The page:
Almost Three-Quarters of People Killed in Missouri Truck Accidents are Passengers in Other Vehicles

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The federal government releases a detailed report of U.S. car and truck accidents every year. According to the most recent statistics released this year, there were about 30,000 fatal crashes in 2014, killing 32,675 people. Of those, nearly 1,000 people in Illinois and 800 people in Missouri died in motor vehicle crashes that year.

Almost 3,700 men, women and children died as a result of catastrophic truck crashes in Missouri, Illinois and the other 48 U.S. states. The total number of people killed in large truck accidents in 2014 was the highest since 2009. The number of deaths in accidents involving commercial trucks across the country unfortunately has been steadily trending upward over those six years.

Most Killed in Trucking Accidents are in Passenger Cars

Further illustrating the dangers of big rigs:

  • 16 percent of all 2014 trucking accident deaths were commercial truck occupants
  • 68 percent of all those killed in tractor-trailer crashes were passengers in cars and SUVs
  • 15 percent of those killed in trucking accidents were on motorcycles and bikes, or were walking

In Missouri, 73 percent killed were occupants in passenger vehicles and 20 percent were motorcyclists, bicyclists or pedestrians.

But the federal government is not only reporting the grim statistics of fatal trucking accidents. It's also offering solutions to lower the number of truck accident victims.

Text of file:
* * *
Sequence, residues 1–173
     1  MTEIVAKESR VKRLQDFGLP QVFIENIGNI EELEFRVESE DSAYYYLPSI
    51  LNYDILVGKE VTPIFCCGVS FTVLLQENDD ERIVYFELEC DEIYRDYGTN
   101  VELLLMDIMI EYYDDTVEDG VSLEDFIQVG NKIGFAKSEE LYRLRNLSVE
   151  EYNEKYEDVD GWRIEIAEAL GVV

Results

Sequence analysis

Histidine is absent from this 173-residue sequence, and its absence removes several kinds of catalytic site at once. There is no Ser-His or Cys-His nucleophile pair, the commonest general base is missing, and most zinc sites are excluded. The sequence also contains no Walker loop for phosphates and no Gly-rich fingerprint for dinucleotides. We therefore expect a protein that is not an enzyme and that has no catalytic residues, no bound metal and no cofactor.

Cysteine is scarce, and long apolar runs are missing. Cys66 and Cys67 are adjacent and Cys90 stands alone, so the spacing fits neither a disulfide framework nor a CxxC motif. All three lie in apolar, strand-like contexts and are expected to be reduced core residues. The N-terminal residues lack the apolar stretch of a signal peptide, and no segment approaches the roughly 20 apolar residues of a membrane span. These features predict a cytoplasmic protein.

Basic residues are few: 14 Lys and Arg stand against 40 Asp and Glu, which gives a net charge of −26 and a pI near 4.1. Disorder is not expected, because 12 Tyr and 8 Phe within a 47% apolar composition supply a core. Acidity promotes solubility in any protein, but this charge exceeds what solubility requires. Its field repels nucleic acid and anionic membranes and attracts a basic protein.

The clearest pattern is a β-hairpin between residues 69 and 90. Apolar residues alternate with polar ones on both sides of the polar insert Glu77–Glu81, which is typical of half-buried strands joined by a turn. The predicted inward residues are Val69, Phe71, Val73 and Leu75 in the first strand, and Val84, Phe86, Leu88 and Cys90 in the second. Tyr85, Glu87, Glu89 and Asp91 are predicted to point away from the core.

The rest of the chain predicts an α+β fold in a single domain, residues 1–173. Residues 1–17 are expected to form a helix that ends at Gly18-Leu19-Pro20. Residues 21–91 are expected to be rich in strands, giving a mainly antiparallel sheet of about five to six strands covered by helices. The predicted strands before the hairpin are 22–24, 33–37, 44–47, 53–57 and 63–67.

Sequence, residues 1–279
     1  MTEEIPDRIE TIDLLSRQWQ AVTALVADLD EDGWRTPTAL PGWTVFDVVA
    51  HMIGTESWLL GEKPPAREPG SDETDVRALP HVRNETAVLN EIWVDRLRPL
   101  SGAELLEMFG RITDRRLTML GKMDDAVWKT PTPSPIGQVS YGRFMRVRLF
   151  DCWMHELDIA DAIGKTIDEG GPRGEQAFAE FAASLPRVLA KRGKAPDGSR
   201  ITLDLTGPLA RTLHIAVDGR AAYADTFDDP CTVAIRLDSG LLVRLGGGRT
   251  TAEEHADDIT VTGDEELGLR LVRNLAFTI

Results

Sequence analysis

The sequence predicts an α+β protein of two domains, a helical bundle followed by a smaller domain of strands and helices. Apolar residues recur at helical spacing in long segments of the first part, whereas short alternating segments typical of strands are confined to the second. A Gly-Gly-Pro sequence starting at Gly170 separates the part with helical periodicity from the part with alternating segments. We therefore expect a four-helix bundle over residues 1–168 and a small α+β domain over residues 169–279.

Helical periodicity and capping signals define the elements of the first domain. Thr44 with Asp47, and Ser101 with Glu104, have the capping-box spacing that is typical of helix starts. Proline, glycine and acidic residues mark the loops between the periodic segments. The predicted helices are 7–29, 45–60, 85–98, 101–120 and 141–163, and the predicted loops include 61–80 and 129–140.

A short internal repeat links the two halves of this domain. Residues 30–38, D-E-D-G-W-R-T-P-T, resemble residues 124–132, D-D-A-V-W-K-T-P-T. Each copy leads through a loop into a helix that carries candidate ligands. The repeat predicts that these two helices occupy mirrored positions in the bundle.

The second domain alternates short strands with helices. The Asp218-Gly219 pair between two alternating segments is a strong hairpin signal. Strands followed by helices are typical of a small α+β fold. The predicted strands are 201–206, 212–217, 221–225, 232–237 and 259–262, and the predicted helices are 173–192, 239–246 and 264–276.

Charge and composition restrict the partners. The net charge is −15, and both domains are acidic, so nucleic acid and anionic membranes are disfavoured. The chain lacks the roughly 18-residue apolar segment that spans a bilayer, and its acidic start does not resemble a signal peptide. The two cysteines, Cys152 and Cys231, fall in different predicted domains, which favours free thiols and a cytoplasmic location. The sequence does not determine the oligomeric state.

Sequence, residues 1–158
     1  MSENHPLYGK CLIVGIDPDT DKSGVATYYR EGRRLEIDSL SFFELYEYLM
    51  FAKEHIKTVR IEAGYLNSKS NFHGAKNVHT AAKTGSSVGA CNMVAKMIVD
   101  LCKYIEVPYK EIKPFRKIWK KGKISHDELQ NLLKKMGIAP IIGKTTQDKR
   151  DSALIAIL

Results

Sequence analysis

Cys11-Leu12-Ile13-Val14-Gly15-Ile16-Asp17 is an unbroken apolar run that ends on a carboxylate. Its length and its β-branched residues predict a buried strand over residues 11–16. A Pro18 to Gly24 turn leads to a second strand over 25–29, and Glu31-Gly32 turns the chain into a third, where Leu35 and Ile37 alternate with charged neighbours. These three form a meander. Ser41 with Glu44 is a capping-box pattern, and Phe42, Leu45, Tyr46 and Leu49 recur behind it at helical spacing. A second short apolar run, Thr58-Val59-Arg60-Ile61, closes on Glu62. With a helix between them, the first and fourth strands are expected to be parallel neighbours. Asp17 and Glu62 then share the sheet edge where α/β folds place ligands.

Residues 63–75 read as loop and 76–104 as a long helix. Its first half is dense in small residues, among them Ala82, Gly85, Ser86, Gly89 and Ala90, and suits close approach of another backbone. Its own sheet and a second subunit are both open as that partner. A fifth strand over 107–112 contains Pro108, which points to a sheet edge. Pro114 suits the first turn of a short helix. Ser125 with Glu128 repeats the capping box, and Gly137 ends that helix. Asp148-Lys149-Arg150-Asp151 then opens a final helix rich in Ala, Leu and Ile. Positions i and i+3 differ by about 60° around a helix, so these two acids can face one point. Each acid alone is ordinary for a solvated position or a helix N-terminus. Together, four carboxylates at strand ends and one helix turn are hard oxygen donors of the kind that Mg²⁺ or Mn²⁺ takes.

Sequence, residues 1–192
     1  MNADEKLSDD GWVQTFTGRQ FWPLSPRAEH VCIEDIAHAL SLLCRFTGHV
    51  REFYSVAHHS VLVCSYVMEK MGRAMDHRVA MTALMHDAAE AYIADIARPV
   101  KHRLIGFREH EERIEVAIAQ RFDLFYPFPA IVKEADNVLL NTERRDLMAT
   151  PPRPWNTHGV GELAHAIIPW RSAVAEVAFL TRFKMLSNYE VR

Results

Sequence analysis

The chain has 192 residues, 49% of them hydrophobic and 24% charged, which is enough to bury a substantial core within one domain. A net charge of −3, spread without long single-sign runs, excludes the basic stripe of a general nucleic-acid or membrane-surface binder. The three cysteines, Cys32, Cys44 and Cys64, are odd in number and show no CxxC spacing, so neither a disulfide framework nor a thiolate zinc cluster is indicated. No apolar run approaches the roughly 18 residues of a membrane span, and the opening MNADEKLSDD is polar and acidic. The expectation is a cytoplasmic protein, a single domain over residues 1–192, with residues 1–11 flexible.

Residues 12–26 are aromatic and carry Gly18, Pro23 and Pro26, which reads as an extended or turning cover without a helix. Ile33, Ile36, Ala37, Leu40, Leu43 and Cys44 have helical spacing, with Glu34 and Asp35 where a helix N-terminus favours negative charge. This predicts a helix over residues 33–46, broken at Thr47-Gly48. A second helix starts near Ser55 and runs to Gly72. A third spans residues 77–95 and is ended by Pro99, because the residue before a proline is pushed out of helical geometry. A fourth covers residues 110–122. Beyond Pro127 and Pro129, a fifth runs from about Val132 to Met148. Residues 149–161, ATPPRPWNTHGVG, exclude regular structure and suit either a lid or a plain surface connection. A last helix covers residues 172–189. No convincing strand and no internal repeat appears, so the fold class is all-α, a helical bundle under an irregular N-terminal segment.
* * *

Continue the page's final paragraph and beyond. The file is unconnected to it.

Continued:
Each year the National Transportation Safety Board publishes its "Most Wanted List." The NTSB Most Wanted List for 2016 includes reducing accidents involving fatigued drivers.

Trucking Accidents Involving Tired Truck Drivers

For obvious reasons, crashes involving tired tractor-trailer drivers can be the most deadly. That's why a federal mandate requires that, by the end of 2019, all truckers must log their hours on the road using use electronic devices rather than with paper logs. These ELDs are synched with the truck's engine and automatically track a driver's hours, making it hard for unscrupulous truck drivers and trucking companies to skirt the rules.

Truckers' hours must be logged to ensure they are complying with the federal Hours of Service rules, which outline the maximum number of hours a trucker can go without rest. The rules were adopted in 2013 but, due to trucking industry opposition, were suspended in 2014 when Congress called for more study on their impact.

To limit accidents involving fatigued truck drivers, the NTSB calls for reasoned regulations, more trucking company resources, and a better sense of personal responsibility.

While these avenues may eventually prove fruitful, trucking accident deaths continue to rise. If you had a family member killed in an accident involving a commercial truck, you may want to consult a truck accident attorney, who holds irresponsible truckers and trucking companies financially accountable to their victims.

The choice of a lawyer is an important decision that should not be based solely on advertising.

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